Before “Marcel,” There Was Pangaea: Inside JWT’s Two-Year Head Start On Publicis Groupe

As it appeared in
July 2017

Carla Serrano, the chief strategy officer for Publicis Groupe, looks right at the camera and declares that “Marcel”—the internal communications platform that the group will spend the next year developing—will be “the first ever professional assistant that uses AI and machine-learning technology.” So begins the “video heard ‘round the ad world,” during which Publicis chairman and CEO Arthur Sadoun sent shockwaves through the industry with the announcement that his team would forego any award shows or industry events for 2018 in an effort to funnel all of their creative and financial resources into this new system. For most viewers, it was this—Sadoun’s claim of event abstinence—that raised their eyebrows. But for Mark Sylvester, community strategist for J. Walter Thompson, it was the “first ever” assertion that rang loudest in his ears.



“I grinned when I watched that video,” says Sylvester. “I thought, ‘You guys, this is not an easy problem to solve.’” And he would know, you see, because he had already done it.

JWT already has a “Marcel” of their very own (or at least, the beginning of one). It’s called Pangaea, and it was developed almost two years ago and implemented with little fanfare. “We kept it to ourselves,” Sylvester admits. “We saw it as a ‘secret weapon.’ How do we tap into the collective intelligence at JWT?” Sylvester and his team saw an opportunity to do more than just build an intranet, so they reached out to Swiss-based software company Starmind and began asking about the possibilities of merging mobile app technology with AI in order to better connect their staff (which Sylvester describes as being, on average, “highly mobile, 27 year-old creative members of the ‘digerati’”) A digital veteran, Sylvester operated by the old film special FX mantra “don’t talk about stuff you can’t use,” so his team toiled away on making Pangaea a useable resource first and foremost.

Felipe Gomide, the chief technical officer at Mirum Brazil who worked closely with Sylvester and JWT on this project since the very start, explains that the secrecy was born out of this same sense of practicality.

“This project actually kicked off in November 2015, and from the beginning we started discussing, are we going to go market with this project? Are we going to sell this to our clients? Or are we going to use this as a differential for our services?’” says Gomide.  “What is the story behind it? What do we actually want to do with it? And all of the responses that we got from the steering committee on this project was let’s make sure it works first, before we tell anybody that we have it. We have to first see if it makes a difference in our day to day business before we even considering publicizing this.”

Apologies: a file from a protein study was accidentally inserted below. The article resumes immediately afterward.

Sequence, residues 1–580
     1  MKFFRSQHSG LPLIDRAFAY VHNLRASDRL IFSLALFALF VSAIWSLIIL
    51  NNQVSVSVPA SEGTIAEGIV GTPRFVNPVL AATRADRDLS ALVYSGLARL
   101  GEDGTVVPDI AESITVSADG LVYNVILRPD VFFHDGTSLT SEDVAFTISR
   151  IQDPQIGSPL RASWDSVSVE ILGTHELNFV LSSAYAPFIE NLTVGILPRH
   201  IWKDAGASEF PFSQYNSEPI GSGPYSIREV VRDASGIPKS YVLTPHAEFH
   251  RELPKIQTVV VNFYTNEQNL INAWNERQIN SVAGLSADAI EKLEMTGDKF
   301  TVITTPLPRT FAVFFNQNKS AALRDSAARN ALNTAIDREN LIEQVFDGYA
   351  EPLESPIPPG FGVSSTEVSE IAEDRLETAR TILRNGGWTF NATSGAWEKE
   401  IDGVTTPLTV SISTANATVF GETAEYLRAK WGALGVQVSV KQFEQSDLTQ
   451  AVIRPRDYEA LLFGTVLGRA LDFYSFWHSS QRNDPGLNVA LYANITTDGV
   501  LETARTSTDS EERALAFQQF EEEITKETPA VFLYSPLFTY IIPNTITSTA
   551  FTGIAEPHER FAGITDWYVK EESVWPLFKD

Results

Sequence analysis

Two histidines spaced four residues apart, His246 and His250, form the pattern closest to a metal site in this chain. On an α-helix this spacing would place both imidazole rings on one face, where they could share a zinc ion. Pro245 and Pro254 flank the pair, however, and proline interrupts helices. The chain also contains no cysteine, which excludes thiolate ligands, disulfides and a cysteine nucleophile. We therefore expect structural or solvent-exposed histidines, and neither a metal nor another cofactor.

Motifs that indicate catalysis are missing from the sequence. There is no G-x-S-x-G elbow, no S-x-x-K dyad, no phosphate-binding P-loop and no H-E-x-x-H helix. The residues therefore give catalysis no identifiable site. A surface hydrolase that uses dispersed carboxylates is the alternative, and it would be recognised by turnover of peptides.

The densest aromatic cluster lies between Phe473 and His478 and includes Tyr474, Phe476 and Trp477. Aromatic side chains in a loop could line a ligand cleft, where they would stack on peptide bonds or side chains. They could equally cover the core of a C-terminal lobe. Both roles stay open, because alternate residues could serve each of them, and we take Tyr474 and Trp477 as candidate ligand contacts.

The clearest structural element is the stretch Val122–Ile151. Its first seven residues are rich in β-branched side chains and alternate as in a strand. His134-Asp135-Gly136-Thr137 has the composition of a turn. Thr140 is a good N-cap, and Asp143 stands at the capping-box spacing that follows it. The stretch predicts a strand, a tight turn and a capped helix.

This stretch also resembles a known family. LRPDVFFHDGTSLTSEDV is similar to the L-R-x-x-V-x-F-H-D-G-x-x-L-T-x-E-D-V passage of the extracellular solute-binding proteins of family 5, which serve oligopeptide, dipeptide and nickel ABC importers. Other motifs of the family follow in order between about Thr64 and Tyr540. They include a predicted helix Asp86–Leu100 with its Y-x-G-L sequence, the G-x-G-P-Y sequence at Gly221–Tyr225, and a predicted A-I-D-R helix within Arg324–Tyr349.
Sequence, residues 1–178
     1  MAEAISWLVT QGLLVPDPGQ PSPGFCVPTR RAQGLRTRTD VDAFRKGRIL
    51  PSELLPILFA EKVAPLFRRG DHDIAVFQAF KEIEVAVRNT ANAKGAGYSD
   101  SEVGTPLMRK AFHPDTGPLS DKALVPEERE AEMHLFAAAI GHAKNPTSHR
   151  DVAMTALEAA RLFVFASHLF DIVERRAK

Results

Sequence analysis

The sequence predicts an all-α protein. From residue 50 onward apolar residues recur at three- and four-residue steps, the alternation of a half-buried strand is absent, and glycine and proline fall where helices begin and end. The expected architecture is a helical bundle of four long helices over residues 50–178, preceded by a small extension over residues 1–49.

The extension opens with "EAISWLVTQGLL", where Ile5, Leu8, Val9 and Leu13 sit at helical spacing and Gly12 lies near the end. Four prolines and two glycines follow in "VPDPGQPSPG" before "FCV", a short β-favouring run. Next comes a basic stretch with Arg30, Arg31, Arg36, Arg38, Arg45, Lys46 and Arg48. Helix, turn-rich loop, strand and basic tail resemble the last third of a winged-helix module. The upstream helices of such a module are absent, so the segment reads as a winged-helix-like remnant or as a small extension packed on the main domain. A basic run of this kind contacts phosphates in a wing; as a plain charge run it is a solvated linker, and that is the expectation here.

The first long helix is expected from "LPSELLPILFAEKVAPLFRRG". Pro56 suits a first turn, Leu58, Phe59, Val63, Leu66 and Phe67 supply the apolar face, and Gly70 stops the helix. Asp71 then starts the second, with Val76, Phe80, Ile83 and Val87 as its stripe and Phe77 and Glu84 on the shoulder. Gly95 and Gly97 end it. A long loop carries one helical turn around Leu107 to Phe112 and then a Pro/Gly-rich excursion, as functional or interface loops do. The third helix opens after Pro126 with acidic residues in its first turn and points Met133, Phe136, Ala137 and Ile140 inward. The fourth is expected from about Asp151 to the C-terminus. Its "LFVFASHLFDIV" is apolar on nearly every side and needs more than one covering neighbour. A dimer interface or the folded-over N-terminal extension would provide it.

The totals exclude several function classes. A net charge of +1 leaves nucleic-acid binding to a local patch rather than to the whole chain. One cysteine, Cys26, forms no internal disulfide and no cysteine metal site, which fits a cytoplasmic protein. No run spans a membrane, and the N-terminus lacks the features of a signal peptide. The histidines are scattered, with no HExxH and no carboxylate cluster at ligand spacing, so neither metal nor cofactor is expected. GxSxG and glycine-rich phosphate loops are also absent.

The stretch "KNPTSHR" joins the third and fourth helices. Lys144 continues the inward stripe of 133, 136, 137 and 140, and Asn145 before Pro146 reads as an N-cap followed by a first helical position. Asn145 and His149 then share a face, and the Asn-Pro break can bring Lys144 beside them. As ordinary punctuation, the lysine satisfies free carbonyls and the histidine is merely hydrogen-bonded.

Although Sylvester and Gomide admit that the Publicis announcement may have stolen their thunder a bit, both agree that getting the wheels turning internally first was more important. As Gomide puts it, “The risk for [Publicis] to over-promise and under-deliver is very high, because you’re setting user expectations really, really high.” JWT and Mirum launched their first beta in March 2016, had a soft launch in July, and eventually unveiled it to the entire group globally in October.

To be clear, however, Pangaea is not Marcel. At least not yet. Nor is it Siri or Cortana. “It’s not a personal assistant,” explains Gomide. “If you were going to describe Pangaea as a person, she’s the most popular person in your workplace, because she knows everybody. So she will point you to the right person. It more leverages the human aspect of the workplace rather than replacing it.”  Or, as Sylvester puts it: “She’s not the smartest person in the room, but she knows who the smartest people are.”  JWT is already seeing the results, too. During preparations for a pitch to a Brazilian TV network, Pangaea quickly proved her worth. “The last phase of the pitch was going to be a workshop with the client and we needed to be ready to collaborate with the client on a workshop to win the business,” says Gomide. “So we reached out to Pangaea to see if we had anyone who had insights on TV networks around the globe. And we got an answer from somebody in our Toronto office – within an hour we got an answer from him, he gave us lots of insights that we might not have had upfront for our meeting with the client and that really made the difference winning a new business worth $7 million. So it was the best case study for Pangaea. We never would have thought to reach out to Canada for a project in Brazil.”

Pangaea was designed on an agnostic architecture, so it is intended to work and play well with multiple AI’s as well as the human brain. The intention is for the platform to evolve over time. This planned evolution is another reason why Gomide, Sylvester, and JWT weren’t quick to announce what they have, because they’re not entirely sure what it will eventually become.

“We know how far we are in developing something like that, that kind of intelligence on a platform, and we’re not there yet,” says Gomide. “And we’re already two years into the making! Obviously, with huge amounts of investment, [Publicis] might pull it off. But from my perspective it’s not as easy as it seems.”